Two years ago, the Federal Flight Deck Officer program began training pilots who wanted to carry guns on flights to protect the cockpit.

Aviation sources tell Time that more than 4,000 pilots are authorized to carry guns, and each day they fly armed on more flights than do air marshals. The gun-toting pilots, who fly unidentified, now constitute the fourth-largest federal law-enforcement group in the U.S. Pilots in the program, as well as the Transportation Security Administration (tsa), which runs it, claim it has been a big success.

And the bad news:

But some pilots complain that the tsa has never embraced the idea, providing little follow-up after training and denying them basic intelligence data like the weekly suspicious-incident reports. “The government wants it both ways,” says one pilot. “They want us to protect aircraft, but they don’t want to pay much for it, cover us for injuries or even really treat us as law-enforcement officers.” tsa officials insist they are proud of the program and are reviewing how to offer more assistance and training.

I think it’s pretty clear that the bureaucrats never really liked this program, and haven’t moved any faster than they had to. And — as Bush’s failure to mention the program when rounding up security improvements in the State of the Union suggests — it hasn’t been a very big priority with the White House, either.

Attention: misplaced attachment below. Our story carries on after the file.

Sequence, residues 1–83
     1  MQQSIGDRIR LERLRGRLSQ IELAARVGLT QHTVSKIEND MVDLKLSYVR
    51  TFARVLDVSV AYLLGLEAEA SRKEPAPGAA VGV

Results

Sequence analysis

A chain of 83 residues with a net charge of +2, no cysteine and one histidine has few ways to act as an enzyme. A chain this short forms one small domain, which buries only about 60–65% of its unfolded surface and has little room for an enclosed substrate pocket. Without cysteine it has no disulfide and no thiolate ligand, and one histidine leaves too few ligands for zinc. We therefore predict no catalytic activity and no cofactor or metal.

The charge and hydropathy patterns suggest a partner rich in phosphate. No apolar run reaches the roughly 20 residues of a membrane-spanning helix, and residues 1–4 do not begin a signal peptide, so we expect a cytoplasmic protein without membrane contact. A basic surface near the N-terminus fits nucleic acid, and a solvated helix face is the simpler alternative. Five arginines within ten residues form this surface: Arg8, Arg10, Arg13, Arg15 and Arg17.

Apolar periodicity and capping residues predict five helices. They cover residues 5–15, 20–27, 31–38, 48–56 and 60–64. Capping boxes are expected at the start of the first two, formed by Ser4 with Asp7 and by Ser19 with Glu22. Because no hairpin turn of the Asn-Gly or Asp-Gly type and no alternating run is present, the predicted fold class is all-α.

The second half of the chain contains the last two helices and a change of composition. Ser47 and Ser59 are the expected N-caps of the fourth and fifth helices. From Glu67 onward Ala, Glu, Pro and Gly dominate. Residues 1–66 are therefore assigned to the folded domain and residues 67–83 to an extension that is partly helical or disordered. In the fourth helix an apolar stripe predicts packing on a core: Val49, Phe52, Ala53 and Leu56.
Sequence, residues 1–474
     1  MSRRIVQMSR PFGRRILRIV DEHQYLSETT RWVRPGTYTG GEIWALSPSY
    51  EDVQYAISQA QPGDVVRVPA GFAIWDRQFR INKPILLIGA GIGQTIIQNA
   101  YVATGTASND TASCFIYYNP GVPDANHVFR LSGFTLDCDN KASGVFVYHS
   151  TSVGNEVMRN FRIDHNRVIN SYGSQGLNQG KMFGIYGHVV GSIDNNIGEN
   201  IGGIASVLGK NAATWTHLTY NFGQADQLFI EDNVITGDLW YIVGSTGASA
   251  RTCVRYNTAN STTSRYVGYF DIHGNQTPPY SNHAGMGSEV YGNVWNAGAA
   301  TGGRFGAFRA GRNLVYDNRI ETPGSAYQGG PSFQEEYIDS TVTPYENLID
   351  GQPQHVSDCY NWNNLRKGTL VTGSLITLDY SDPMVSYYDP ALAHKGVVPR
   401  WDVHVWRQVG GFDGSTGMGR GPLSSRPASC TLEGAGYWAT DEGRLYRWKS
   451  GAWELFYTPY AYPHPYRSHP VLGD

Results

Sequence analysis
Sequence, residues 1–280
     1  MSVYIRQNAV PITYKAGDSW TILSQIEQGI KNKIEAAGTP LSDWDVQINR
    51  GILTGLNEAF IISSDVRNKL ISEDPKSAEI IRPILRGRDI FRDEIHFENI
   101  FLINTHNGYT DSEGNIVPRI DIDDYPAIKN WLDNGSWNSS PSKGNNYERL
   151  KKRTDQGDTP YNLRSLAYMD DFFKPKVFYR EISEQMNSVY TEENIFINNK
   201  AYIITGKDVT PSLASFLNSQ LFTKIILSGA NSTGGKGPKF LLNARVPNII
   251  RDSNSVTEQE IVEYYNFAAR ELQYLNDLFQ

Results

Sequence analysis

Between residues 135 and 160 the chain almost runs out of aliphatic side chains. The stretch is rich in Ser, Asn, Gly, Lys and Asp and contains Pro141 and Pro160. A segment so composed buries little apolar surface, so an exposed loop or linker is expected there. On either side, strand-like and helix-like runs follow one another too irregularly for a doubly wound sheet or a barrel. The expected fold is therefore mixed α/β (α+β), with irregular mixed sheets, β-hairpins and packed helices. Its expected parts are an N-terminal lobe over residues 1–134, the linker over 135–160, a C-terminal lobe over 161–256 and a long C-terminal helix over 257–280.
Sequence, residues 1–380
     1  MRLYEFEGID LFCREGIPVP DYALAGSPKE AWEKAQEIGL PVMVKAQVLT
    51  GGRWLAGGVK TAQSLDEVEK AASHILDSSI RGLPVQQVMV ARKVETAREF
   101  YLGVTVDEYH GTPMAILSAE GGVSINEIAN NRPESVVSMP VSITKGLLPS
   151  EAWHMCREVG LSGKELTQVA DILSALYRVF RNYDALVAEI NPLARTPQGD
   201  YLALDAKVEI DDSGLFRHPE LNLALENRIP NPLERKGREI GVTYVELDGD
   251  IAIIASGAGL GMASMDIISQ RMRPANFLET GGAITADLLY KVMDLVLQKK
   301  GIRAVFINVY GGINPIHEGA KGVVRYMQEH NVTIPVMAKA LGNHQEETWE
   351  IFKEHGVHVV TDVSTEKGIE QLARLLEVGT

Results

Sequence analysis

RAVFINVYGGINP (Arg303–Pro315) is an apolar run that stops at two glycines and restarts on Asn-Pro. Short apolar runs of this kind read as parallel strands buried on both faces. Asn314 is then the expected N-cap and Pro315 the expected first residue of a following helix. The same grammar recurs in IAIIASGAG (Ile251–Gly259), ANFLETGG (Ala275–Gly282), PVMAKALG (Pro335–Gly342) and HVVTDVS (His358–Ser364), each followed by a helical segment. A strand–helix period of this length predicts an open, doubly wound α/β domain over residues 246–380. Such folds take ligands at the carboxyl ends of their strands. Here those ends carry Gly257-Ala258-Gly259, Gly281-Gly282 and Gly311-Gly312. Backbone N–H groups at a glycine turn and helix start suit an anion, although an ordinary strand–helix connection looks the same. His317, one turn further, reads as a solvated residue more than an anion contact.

UPDATE: A reader from the Hill emails:

The opposition at TSA is much stronger than indicated by TIME. TSA has set up so many roadblocks for this program and even sent an email to pilots more than a year ago threatening them to stop complaining to Congress. Some of the highlights: They setup only one training site in the entire US, forcing pilots to take leave and pay their own way to get there. Rules in place require pilots to put their guns in lockboxes (even though Air Marshalls can carry them on their person) and force them to check them as regular baggage when they are not piloting a flight, leading to hundreds of lost guns at baggage claim. Also, pilots who sign up for the program (80% of whom are former military or law enforcement) must complete an intrusive psychological exam, on top of the one they take to be a commercial pilot. If the pilots fail the exam, the results can be given to their employer, but the pilots are not allowed to see them. The original number of pilots that signed up for the program was in the tens of thousands, but most dropped out after seeing all the hurdles and hassle that TSA has thrown up…

Sigh. That’s pretty lame. But that’s the TSA.

So how about a little White House leadership on this? Anyone? Bush? Anyone?